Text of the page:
Caring for mum and daughter for a working woman
Millions of people struggle with work and caring for their children and an elderly relative. Lancaster mum, daughter and businesswoman Jane Binnion explains how something had to change to help her with this 21st century dilemma.
There’s a lot of attention being put on the rise in the number of women taking on senior political roles and this certainly presents girls with positive role models.
However, there is a bit of the picture missing. If the camera panned left we would also get to see that we have all time record rates of burnout among women.
Some might say that proves those women are not up to the job, but most domestic responsibilities still fall to women and there are 13m Brits - mostly women - with a caring role for an elderly relative.
That is a lot of plates we are trying to keep spinning and it is not surprising it is affecting our health.
As a business trainer almost daily I meet women who went self-employed because they hit burn out as an employee. And that was exactly my story.
As a single mum in a high stress job and a member of the sandwich generation (a generation responsible both for bringing up their own children and for the care of their ageing parents) I was a car crash waiting to happen.
I had cut my hours down to the minimum that we could live on but that did not change anything really.
Like so many women my life felt like a runaway train. Luckily (I now see it that way) I ripped my shoulder and couldn’t drive.
Being at home, managing one armed, I finally slowed down and realised there should be more to life than being totally exhausted all the time.
That is when I went self employed, essentially I wanted and needed to be home more.
We have huge numbers of women just like me leaving organisations and going self employed to get a better quality of life.
But changing our circumstances is only the start.
One day I was delivering a workshop to a group of very busy business owners, all women, and I wondered why they were taking on the task of sending out their own newsletters on top of everything else.
I did not have much time to ponder that as next I ran home to walk the dog and peg the washing out before rushing off to a meeting I had organised to run a countywide event - for women in business.
And the penny dropped. I was still running around at break neck speed to make stuff happen. Good stuff and I liked that I did not have to account for my every move to an employer. But while I was so much happier I was still running myself ragged.
That is when I realised that some of it is not fitting in with the organisational culture, and some organisations are addressing that, and some of it is the pressure we put upon ourselves.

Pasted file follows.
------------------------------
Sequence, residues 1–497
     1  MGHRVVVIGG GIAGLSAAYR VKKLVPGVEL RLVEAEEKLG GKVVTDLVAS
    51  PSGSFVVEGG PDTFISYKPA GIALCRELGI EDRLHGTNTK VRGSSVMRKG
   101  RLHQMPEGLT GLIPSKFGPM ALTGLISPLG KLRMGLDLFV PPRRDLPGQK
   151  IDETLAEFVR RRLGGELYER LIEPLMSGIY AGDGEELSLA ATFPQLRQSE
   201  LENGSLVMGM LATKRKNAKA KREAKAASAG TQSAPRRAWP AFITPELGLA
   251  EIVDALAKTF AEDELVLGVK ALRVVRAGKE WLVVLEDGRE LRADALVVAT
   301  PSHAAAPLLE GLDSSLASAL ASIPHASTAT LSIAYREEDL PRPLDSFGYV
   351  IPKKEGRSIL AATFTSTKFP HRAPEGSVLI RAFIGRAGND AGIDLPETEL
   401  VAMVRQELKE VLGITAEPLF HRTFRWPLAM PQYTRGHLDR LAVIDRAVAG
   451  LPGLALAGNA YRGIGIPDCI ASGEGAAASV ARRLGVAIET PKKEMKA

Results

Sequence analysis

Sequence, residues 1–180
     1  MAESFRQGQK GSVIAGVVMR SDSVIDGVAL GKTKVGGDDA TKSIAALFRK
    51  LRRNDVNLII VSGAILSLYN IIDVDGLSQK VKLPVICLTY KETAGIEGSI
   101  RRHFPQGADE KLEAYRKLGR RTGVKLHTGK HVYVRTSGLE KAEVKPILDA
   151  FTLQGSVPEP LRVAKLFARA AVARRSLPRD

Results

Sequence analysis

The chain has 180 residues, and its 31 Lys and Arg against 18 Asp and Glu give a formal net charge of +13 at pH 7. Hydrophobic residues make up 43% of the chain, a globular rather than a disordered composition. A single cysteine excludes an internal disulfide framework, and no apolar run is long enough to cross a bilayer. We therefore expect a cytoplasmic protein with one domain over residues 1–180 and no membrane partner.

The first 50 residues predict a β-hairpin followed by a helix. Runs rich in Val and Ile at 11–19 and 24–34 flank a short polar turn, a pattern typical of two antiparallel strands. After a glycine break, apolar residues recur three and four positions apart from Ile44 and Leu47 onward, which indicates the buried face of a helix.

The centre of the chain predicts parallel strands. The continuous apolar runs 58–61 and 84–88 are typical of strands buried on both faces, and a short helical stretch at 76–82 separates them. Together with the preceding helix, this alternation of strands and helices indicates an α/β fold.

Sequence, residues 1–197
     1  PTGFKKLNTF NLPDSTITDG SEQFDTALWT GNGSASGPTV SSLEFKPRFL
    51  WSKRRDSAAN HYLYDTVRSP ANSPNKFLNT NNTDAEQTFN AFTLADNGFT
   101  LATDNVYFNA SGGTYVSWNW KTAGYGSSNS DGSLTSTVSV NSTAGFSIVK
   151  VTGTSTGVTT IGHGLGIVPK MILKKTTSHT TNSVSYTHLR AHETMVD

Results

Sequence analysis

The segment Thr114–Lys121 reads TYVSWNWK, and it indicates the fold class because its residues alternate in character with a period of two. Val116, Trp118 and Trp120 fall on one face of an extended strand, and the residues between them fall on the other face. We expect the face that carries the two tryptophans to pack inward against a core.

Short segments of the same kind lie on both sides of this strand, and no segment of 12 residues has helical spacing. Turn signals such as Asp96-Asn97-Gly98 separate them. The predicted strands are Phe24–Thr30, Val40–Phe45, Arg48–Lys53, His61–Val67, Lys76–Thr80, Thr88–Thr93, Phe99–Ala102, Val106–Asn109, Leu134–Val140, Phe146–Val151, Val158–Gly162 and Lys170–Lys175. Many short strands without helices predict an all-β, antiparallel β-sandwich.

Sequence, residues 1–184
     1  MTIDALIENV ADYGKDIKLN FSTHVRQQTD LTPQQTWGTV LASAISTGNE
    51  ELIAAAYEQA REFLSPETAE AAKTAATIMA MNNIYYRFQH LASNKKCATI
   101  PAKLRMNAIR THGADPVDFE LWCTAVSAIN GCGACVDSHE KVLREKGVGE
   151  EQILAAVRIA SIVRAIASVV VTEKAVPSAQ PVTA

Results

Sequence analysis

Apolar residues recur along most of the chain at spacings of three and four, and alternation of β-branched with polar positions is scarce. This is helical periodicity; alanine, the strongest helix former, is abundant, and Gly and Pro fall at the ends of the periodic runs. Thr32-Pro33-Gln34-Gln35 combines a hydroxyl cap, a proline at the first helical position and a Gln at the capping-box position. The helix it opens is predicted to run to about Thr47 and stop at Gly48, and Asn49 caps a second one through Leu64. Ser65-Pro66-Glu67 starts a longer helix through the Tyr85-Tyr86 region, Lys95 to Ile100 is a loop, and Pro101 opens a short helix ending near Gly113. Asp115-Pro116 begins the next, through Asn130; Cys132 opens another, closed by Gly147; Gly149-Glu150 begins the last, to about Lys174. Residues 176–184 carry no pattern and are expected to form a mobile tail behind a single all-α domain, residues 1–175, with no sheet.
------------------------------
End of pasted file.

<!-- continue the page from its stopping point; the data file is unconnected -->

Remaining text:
That day I wrote the draft of Spinning Plates, a workshop for women who do too much.
There is an expression if you want a job doing give it to a busy person and that’s what I saw in me and many other women.
We were so busy we just took on more and more because delegating was too time consuming. We all know the women who ask someone to load the dishwasher then re-do it themselves – properly! This is part of something we call patterns of taking responsibility.
In a survey we found that guilt is one of the biggest pressures that pushes women do everything themselves.
Despite all of the things I juggle it took me a year of agonising before I hired a cleaner. And it was the same for my mum, I had to work hard to get her to accept help while she was waiting for her hip replacement.
There seems to be some unwritten judgement that we had failed, we were not good enough women.
It appears that many of us have deeply internalised the necessity to do everything for everyone else to prove that we are competent and capable - and needed. But then we can get resentful because we don’t get the recognition we were hoping for.
And the bottom line is it is costly to the country because this behaviour is making women ill. I did not know that each year twice as many women die of a stroke than breast cancer and stroke risk is one third higher for women in stressful jobs.
Just this morning I met with two women who told me they cram so much into their working day that they do not eat unless they eat junk food while they drive. As a long term lifestyle that is just not sustainable.
A big problem is we believe that looking after ourselves first is being selfish. I have learned it has got a lot to do with establishing boundaries and was fascinated by researcher Brene Brown’s findings that the most compassionate people are the ones with clear boundaries.
In short the Spinning Plates workshop is about stepping back and reminding ourselves why the airlines say put your own oxygen mask on first.
The truth is we are no good to anyone if we are worn out and the less we take care of ourselves the lower our self esteem and so the cycle continues.
Luckily the reverse is also true, the better we take care of ourselves the more energy we have, the higher our self esteem and the kinder we are to those around us.
As for me, I still sometimes get so busy that I forget to look after myself, but I am getting much better at it and the key is that I now notice the signs much earlier and know what I need to do.
In truth we will never get to the bottom of our ‘To Do’ list, so the answer is all about the decisions we make.
And my little sandwich generation family? Well as we all figure out how to look after ourselves better we have become a pretty cool team.
Spinning Plates is a one day workshop run by Jane Binnion and Liz Neat on September 29 at the Tara Centre, Lancaster.
For full details go to http://www.janebinnion.com/product/spinning-plates/ or contact Jane via [email protected] or call 01524 752723